How to restore euthyroidism in the presence of Graves orbitopathy? Is there a best way?
Around 50% of patients with Graves disease (GD) have Graves orbitopathy (GO). However, only 510% have overt active disease which merits more than symptomatic treatment. Clearly, the best treatment is prophylaxis related to avoiding tobacco smoking and to obtain and maintain euthyroidism.
Whether antithyroid drugs (ATDs), radioiodine (RAI), or thyroidectomy should be chosen for therapy of GD, whether or not there is presence of active GO, is a matter of debate and randomized controlled trials (RCTs) are scarce. Thus, much is based on expert opinion. ATDs, independent of whether the titration or the block-repacement regimen is used, and thyroidectomy (as long as euthyroidism is maintained) do not influence the natural history of GO. RAI can cause progression or de novo GO in around 15% of GD patients, smokers being particularly at risk. This can at large be prevented by prophylactic glucocorticoid therapy.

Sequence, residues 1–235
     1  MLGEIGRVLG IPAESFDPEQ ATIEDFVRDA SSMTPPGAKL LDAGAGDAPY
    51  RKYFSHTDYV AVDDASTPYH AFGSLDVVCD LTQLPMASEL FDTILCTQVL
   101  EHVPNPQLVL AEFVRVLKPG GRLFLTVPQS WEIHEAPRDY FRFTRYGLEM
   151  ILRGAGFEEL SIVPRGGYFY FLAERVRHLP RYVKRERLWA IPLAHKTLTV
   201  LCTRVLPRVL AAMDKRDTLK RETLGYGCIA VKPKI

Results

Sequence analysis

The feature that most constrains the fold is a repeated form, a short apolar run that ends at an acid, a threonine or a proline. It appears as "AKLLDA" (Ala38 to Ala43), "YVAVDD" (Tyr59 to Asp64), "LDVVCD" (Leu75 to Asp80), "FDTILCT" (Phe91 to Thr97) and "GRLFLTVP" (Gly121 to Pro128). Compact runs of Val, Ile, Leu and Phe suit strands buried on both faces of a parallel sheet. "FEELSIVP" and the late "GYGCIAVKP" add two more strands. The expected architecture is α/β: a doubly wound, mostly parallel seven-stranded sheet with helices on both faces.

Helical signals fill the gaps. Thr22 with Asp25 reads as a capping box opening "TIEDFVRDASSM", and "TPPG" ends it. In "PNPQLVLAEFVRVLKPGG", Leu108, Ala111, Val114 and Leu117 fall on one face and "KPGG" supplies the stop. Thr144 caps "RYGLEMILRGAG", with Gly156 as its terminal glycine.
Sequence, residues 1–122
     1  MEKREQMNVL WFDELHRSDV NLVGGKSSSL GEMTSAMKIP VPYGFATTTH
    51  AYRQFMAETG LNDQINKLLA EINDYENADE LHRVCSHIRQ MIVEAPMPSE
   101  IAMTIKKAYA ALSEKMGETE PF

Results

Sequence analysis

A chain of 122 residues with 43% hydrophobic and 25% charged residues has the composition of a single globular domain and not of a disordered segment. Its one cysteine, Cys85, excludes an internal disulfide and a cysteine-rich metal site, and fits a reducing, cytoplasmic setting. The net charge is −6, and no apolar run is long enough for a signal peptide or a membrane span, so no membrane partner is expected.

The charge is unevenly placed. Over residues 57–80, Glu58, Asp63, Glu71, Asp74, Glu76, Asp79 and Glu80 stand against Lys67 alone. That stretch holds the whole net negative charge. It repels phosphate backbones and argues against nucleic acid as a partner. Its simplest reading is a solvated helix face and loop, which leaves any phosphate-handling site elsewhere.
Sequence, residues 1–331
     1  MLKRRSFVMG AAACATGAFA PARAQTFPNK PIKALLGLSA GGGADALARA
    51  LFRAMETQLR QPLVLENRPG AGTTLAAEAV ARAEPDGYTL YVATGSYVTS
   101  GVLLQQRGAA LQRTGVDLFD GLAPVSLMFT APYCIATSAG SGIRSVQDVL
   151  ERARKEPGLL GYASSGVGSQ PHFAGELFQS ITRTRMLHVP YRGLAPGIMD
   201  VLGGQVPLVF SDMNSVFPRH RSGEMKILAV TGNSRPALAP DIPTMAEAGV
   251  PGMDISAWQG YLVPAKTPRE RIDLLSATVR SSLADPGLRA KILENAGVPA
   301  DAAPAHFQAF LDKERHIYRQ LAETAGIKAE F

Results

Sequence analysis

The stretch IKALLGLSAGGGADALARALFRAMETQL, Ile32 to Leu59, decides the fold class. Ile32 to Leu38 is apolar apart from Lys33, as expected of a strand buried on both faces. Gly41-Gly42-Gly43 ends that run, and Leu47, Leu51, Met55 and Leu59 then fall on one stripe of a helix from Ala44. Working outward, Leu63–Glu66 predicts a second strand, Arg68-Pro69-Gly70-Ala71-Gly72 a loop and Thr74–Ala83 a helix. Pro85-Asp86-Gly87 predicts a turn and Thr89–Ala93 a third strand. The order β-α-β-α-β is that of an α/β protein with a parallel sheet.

In patients with mild or inactive GO, the choice of therapy for GD is independent of GO. In patients with active GO the choice of therapy is mainly based on expert opinion modified by the wishes of the patient and not based on RCTs. Questionnaire surveys indicate that RAI, in this situation, is only used by a small minority of experts. Preliminary data suggest that biological therapy with rituximab (monoclonal anti-CD20 antibodies), aiming at B cell depletion may be advantageous for both GD and GO and thereby offer a shift in paradigm.The recently investigated low-cost administration of the trace-element selenium, also holds promise. Importantly, a too strong focus on the risk of GO may unintentionally overrule taking availability of therapy options, co-morbidity, perceived risk of overall side-effects, cost-benefit, and the wish of the patient into consideration.
Declaration of interest: The authors declare that there is no conflict of interest that could be perceived as prejudicing the impartiality of the research project.
Funding: This research did not receive any specific grant from any funding agency in the public, commercial or not-for-profit sector.